FCC Seeks Comment on Another Petition For Declaratory Ruling Seeking Clarity On The FCC’s New Consent Rules
- On February 20, 2014, the Consumer and Governmental Affairs Bureau of the Federal Communications Commission (FCC) released a public notice seeking comment on Acurian, Inc.’s petition for declaratory ruling filed on February 5, 2014. Comments are due March 24, 2014, and reply comments are due April 8, 2014. Acurian is requesting that the FCC clarify that prerecorded calls to residential landlines seeking an individual’s participation in a clinical pharmaceutical trial are exempt from the restrictions on prerecorded calls sent without the called party’s prior express written consent under the Telephone Consumer Protection Act (TCPA). Acurian states that it has been named as a defendant in TCPA class action on the grounds that Acurian’s prerecorded calls are allegedly commercial in nature and that it did not have the necessary consent to call residential telephone numbers as a result. Acurian argues that its prerecorded calls are analogous to “research” and “market survey” calls that have been deemed by the FCC to fall under the category of calls that are “not made for a commercial purpose.” Acurian therefore requests that the FCC clarify that calls that “merely seek an individual’s participation in a clinical drug trial” do not require any consent if sent to a residential telephone number. A copy of United’s petition can be found here.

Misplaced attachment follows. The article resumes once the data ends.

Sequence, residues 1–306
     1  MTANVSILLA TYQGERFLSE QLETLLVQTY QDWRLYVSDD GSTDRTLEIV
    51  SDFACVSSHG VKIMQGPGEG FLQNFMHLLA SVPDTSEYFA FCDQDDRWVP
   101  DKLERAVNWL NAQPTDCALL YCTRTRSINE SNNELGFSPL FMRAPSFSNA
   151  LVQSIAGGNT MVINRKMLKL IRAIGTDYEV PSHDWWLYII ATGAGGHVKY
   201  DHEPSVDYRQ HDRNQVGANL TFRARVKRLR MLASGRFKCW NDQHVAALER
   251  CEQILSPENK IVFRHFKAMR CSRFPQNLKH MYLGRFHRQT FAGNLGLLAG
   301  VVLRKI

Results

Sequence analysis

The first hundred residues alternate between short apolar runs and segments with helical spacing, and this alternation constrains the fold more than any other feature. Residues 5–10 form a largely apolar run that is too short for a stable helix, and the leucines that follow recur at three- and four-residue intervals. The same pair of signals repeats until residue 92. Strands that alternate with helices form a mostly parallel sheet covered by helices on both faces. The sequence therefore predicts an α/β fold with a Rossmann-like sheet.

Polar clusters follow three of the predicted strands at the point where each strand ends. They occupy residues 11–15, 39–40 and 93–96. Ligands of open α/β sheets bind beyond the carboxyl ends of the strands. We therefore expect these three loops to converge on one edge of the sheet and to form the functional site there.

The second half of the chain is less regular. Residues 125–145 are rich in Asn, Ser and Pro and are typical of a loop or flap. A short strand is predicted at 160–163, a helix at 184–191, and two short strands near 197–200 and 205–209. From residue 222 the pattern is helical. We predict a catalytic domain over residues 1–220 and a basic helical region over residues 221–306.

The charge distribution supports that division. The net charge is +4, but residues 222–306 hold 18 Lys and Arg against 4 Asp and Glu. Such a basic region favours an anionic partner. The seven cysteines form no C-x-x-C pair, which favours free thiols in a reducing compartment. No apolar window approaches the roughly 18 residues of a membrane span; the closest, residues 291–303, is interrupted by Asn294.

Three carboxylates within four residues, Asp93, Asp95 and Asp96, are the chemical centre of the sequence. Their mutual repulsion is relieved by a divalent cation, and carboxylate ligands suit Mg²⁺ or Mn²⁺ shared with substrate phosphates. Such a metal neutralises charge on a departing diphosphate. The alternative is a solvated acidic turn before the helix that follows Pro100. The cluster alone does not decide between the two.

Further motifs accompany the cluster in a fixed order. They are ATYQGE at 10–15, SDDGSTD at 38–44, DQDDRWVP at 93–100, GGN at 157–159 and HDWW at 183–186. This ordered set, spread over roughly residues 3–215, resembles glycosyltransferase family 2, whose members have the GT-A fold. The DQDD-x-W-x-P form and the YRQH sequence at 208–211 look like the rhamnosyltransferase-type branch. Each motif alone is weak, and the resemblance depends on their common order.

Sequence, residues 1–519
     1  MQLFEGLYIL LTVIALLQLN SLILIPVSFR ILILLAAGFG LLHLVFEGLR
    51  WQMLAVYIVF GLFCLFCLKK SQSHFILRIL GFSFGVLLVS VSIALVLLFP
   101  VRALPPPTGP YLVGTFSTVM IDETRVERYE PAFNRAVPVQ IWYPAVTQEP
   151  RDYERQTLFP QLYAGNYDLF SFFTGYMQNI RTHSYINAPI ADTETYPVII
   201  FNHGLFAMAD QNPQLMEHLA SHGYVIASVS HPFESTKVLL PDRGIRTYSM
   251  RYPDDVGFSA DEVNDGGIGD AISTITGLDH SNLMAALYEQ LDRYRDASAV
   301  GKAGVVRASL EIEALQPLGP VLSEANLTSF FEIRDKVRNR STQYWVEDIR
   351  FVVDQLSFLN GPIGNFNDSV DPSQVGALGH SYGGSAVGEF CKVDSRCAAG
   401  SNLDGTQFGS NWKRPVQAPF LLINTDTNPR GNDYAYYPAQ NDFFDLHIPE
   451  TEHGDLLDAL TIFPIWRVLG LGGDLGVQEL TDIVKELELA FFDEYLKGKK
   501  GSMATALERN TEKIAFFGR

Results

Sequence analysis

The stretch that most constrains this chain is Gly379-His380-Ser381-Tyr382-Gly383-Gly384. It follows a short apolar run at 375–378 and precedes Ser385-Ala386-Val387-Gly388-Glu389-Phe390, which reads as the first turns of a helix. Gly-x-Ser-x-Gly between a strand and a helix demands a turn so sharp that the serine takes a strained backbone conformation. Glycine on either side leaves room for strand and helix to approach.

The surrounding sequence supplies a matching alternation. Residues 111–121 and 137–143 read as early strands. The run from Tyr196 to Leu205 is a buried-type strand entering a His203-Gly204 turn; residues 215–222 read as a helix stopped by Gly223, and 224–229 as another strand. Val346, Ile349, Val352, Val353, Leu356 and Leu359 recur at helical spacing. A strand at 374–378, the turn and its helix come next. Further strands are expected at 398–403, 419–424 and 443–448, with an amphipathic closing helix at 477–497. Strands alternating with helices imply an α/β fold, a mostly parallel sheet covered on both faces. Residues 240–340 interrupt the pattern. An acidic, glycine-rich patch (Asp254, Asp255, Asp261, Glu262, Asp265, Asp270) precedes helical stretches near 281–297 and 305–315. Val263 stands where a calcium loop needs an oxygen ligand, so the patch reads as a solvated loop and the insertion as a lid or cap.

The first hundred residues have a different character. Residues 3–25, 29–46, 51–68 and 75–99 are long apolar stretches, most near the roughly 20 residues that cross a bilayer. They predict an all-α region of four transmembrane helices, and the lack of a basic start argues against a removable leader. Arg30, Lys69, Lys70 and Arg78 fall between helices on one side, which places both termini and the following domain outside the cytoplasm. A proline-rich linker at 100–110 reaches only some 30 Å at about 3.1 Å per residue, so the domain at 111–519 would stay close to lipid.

Cell Phone Unlocking Bill Passed In House
- On February 25, 2014, the House of Representatives voted 295-114 in favor of a bill that would allow consumers to unlock their cell phones so that they can be used on another carrier’s network. The bill called Unlocking Consumer Choice and Wireless Competition Act (HR 1123), was crafted to reverse a 2012 decision made by the Librarian of Congress, who has certain oversight over copyright laws, which stopped consumers from unlocking their phones without the consent of their wireless carrier. The bill, which must still be taken up by the Senate, would only authorize unlocking for a two-year period, after which further legislation would be required. Some consumer advocacy organizations have expressed disappointment with the bill passed by the House because it was recently amended to prevent the sale of unlocked phones in bulk, limiting the creation of new businesses based on the sale of unlocked phones. You can monitor the bill, and read the full text as passed by the House, here.